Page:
The ever-growing number of states which have legalized either medical marijuana or recreational marijuana has created a number of issues for law enforcement and the justice system. Chief among those issues is the challenge of enforcing laws against operating a vehicle under the influence of marijuana. In an effort to overcome this challenge, the Norwegian company Drauger developed the DrugTest 5000. This system uses a mouth swab, taken roadside, to help determine if a driver is under the influence of marijuana or other drugs. The DrugTest 5000 has been in use in Norway since 2015 and has seen growing use in the United States. This test, however, is probably not the solution for law enforcement’s problems.
Ohio and Pennsylvania are two states which still prosecute drivers for DUI / OVI marijuana, even if the marijuana metabolites in the driver’s system are not affecting the person’s ability to drive. The Philadelphia District Attorney’s office recently announced it will not prosecute cannabis DUIs unless the driver has amounts of psychoactive THC which affect driving. Ohio prosecutors should consider implementing this policy.
An appellate case decided earlier this month illustrates how not to attack the constitutionality of a law. In the case of State v. Topolosky, the Tenth District Court of Appeals upheld Ohio’s DUI/OVI marijuana law. Coincidentally, just before the case was published, I wrote about this topic in this blog, and I spoke about this topic at two seminars. The defendant in Topolosky did essentially the opposite of what I suggested in the blog and presentations. The defendant used an argument destined to fail…with bad timing…without an expert witness.
The argument destined to fail was the argument that the law violates the defendant’s rights to due process and equal protection. This argument was destined to fail because, unless a suspect classification or fundamental right is involved, the law is judged using the ‘rational basis test’. With this test, the law will only be considered unconstitutional if the law has no rational relationship to a legitimate government interest.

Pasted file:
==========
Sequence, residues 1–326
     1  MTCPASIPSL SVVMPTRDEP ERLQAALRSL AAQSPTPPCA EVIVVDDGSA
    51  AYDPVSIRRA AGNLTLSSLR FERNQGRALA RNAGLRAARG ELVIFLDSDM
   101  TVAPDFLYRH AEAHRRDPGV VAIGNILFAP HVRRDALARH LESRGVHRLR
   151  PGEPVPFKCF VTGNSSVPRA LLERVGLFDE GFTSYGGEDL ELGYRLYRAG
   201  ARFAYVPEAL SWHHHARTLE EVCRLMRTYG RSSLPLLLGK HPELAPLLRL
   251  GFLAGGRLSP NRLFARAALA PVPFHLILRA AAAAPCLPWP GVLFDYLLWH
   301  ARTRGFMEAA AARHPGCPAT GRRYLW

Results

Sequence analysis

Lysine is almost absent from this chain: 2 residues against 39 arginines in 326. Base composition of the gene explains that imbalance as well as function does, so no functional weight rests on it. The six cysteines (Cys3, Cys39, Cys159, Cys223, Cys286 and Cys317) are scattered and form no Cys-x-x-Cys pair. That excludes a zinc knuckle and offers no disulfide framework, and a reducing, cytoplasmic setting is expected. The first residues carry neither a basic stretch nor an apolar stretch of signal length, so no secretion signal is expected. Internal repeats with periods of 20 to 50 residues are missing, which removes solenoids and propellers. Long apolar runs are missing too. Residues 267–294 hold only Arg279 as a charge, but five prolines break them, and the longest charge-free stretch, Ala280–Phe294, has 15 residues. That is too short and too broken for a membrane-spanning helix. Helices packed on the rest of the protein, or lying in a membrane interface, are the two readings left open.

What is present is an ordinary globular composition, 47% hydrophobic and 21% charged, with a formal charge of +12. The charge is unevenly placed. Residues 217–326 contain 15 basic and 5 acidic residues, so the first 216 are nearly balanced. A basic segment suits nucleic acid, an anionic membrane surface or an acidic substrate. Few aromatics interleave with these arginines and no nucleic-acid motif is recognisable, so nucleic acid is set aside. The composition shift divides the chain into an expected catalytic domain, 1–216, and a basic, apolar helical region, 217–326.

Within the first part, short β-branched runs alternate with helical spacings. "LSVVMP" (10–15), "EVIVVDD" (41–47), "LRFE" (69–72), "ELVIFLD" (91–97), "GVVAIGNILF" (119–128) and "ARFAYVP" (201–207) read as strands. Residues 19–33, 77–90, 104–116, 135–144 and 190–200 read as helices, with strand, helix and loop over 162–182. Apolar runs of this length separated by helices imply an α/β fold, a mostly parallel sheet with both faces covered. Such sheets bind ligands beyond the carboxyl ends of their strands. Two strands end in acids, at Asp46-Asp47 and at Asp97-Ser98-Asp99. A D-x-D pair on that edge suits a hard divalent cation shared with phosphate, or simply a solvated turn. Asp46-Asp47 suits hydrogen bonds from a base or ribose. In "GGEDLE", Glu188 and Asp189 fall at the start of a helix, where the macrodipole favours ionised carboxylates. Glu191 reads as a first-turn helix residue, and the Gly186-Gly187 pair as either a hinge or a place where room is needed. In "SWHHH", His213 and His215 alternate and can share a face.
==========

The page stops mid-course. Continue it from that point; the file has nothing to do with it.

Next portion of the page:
When courts apply the rational basis test, it is incredibly rare for a law to be held unconstitutional. Using the rational basis test, another Ohio appellate court had already upheld the OVI marijuana ‘per se’ law in State v. Schulz. It is no surprise the Court of Appeals in Topolosky upheld the same law using the same rationale.
Issue 3 went up in smoke last week, so it’s still illegal to use marijuana in Ohio. It’s also illegal to operate a vehicle under the influence of marijuana or with a prohibited level of marijuana metabolite in one’s urine. The last article in this blog addressed the duration of marijuana’s effects and the duration of marijuana’s detectability. The conclusion was marijuana effects last for two hours to five hours, but marijuana metabolites are detectable in urine for up to five weeks. With that backdrop, this article discusses whether Ohio’s DUI/OVI marijuana laws are Constitutional.
The part of Ohio’s OVI law with the most significant Constitutional problem is the part which prohibits driving with marijuana metabolites in one’s urine. Ohio Revised Code section 4511.19(A)(1)(j)(viii)(II) says no person shall operate a vehicle with a concentration of at least thirty-five nanograms of marijuana metabolite per milliliter of the person’s urine. A person may be punished for violating this law even though the person’s ability to drive is not at all impaired.
One principle of Constitutional Law is a law should not punish a person based on the person’s status. A case illustrating this principle is Robinson v. California. In that case, the defendant was convicted of a California law which made it a crime to be addicted to a narcotic. The United States Supreme Court held the law was Unconstitutional: it violated the Eighth Amendment’s prohibition of ‘cruel and unusual punishment’. The court made two relevant observations. First, the status of ‘narcotic addiction’ could subject a defendant to repeated arrests. Second, a defendant could be punished for being an addict in the state of California even though he did not possess or consume a narcotic in that state.